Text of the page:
IU to offer data science courses using real clinical trial data

Indiana University will team up with Eli Lilly and Co. to offer one of the country’s first data sciences courses employing real-world clinical trial data

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BLOOMINGTON, Ind.—Indiana University will team up with Indianapolis-based pharmaceutical company Eli Lilly and Co. to offer one of the country’s first data sciences courses employing real-world clinical trial data, the university announced in March.
The course will be offered as a four-week summer class starting May 2 through the data science master’s degree program at the IU School of Informatics and Computing. It will provide students a rare opportunity to practice the advanced analysis of clinical trial data using real-life, anonymized information collected from human subjects during the safe testing of potential new drugs.
“Data science has been called ‘the sexiest job of the 21st century,’“ said David Wild, director of Data Science Academic Programs in the IU School of Informatics and Computing and lead instructor for the course. “Those trained to analyze, visualize and report on data can look forward to promising careers in a rapidly growing field. A course based on real-life clinical data from one of the world’s leading pharmaceutical companies will greatly enhance IU’s offerings in this growing area of the information economy.”
Data science cuts across a number of business sectors that generate enormous amounts of data, including industries in technology, insurance, defense, retail and healthcare. Students enrolled in the new summer course will gain hands-on instruction in understanding, refining and analyzing real-world data of the type used by pharmaceutical companies in determining major business decisions on drug development.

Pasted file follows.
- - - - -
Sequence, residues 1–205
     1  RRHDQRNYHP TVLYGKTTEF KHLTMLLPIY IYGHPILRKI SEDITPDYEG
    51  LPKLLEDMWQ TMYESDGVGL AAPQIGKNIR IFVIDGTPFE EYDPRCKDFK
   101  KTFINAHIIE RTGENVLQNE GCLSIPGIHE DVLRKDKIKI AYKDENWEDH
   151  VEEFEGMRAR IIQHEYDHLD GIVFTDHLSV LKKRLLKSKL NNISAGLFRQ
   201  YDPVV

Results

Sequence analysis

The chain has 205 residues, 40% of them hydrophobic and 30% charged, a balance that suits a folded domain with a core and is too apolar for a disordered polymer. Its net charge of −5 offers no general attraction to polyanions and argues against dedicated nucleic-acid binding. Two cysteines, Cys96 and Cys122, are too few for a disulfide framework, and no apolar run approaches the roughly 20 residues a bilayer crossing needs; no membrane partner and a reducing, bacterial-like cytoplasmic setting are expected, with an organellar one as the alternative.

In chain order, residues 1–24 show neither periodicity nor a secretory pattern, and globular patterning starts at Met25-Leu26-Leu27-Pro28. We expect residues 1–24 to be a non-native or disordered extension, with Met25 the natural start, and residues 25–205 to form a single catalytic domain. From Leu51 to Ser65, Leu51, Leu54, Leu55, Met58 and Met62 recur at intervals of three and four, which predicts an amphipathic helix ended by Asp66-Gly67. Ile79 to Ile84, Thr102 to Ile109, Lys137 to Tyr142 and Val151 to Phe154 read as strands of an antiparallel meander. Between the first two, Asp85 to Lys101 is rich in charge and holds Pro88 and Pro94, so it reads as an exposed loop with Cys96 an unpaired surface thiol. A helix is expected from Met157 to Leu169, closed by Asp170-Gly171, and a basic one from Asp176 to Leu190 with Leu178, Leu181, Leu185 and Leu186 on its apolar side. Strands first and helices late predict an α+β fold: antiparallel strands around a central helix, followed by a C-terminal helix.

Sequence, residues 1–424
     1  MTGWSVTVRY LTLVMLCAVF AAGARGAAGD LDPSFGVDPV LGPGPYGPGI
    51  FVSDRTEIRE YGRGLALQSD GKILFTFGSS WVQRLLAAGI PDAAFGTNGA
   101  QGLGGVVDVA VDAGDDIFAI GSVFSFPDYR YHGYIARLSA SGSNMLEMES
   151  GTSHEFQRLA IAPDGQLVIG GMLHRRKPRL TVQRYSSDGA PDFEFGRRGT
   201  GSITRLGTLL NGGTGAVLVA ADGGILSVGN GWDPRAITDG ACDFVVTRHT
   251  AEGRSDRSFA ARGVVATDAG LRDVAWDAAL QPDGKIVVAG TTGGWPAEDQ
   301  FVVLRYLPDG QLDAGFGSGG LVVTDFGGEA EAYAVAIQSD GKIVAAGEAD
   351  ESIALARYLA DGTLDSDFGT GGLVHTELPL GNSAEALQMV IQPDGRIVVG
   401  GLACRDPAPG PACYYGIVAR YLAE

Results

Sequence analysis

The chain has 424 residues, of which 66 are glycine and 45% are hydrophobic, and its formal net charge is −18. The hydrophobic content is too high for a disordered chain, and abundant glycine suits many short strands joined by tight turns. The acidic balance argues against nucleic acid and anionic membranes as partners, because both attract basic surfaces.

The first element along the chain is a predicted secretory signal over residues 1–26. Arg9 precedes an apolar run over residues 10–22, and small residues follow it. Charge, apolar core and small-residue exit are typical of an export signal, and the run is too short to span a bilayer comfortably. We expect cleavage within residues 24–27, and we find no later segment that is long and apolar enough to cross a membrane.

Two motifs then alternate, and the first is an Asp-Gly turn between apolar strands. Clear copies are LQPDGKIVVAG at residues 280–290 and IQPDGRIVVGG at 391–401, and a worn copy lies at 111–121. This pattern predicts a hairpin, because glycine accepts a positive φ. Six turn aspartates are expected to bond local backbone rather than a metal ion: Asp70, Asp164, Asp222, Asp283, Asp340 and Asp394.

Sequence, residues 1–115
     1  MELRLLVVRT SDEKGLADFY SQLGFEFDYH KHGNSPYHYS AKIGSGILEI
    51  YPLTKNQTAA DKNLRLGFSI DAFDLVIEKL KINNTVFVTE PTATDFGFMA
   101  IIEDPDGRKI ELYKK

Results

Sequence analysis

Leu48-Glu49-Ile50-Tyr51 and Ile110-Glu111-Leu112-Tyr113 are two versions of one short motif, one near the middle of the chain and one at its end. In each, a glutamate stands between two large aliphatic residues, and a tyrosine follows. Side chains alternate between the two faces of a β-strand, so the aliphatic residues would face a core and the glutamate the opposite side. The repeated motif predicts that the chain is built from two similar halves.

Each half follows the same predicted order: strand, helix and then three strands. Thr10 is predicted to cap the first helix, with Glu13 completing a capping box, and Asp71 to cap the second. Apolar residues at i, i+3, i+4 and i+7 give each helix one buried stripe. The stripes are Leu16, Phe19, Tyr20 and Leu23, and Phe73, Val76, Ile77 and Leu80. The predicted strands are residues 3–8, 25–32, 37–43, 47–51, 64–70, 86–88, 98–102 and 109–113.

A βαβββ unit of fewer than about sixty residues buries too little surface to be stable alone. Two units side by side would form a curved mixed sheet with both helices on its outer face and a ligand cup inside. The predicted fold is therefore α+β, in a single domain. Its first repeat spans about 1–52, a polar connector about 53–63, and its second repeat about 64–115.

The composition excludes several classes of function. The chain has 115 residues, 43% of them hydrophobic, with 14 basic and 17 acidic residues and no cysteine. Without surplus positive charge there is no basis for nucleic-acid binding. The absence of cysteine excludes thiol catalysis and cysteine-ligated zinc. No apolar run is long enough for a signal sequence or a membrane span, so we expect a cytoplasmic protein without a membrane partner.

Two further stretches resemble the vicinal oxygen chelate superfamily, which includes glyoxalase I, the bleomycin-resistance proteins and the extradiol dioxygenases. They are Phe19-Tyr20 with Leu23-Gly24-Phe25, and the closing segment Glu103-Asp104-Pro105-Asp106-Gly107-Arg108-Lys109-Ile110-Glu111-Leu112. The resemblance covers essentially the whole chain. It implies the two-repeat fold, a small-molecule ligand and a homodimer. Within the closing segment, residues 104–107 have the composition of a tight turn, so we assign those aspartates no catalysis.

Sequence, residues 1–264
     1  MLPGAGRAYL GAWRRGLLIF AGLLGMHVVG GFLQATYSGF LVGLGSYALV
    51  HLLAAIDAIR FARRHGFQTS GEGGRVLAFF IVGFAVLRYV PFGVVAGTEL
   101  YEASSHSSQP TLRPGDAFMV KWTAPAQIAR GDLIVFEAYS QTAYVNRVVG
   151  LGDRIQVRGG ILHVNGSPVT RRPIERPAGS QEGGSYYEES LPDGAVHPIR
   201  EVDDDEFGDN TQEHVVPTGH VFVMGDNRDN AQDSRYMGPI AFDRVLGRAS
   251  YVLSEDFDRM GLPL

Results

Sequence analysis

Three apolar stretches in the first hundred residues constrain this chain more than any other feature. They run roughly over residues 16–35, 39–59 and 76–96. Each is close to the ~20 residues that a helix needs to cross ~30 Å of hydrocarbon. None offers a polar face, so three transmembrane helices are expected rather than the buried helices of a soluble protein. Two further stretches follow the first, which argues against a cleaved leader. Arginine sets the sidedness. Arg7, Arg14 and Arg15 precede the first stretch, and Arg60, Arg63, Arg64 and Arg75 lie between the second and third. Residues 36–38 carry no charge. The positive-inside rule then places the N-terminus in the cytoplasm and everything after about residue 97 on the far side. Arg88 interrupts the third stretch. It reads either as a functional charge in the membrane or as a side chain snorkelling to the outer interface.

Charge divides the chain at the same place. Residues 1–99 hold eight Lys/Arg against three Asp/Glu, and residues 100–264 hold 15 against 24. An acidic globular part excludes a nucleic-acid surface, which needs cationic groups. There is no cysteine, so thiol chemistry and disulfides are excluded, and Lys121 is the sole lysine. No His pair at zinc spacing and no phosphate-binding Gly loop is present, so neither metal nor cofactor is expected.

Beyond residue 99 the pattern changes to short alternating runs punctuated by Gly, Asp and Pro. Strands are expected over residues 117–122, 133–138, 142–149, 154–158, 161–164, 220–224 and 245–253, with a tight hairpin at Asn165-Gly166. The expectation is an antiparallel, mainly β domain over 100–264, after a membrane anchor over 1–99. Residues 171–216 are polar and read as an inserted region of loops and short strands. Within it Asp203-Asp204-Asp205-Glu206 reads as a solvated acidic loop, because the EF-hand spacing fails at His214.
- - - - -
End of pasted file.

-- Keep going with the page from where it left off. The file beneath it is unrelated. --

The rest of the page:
The value of the course is enhanced by the fact that use of real clinical trial data in the educational environment remains relatively rare due in part to the efforts required to ensure patient privacy. All data used in the IU course will undergo a rigorous de-identification process before release. Strict guidelines will also dictate how the data can be used and where it can be stored.
IU’s lead collaborator on the course is Sara Bigelow, a clinical data associate at Lilly, who is one of the first graduates of the data science program at IU and a former student of Wild’s.
“Our goal is for students to gain a better understanding of the overall drug development process, and specifically the human clinical trial phases,” Bigelow said. “This includes gaining knowledge on the data side of the process—where the data comes from, where it goes, how it’s used and why it’s so important not only to clinical trial research but also the pharmaceutical industry as a whole. Another key takeaway will be awareness about the privacy process involved in working with patient data.”

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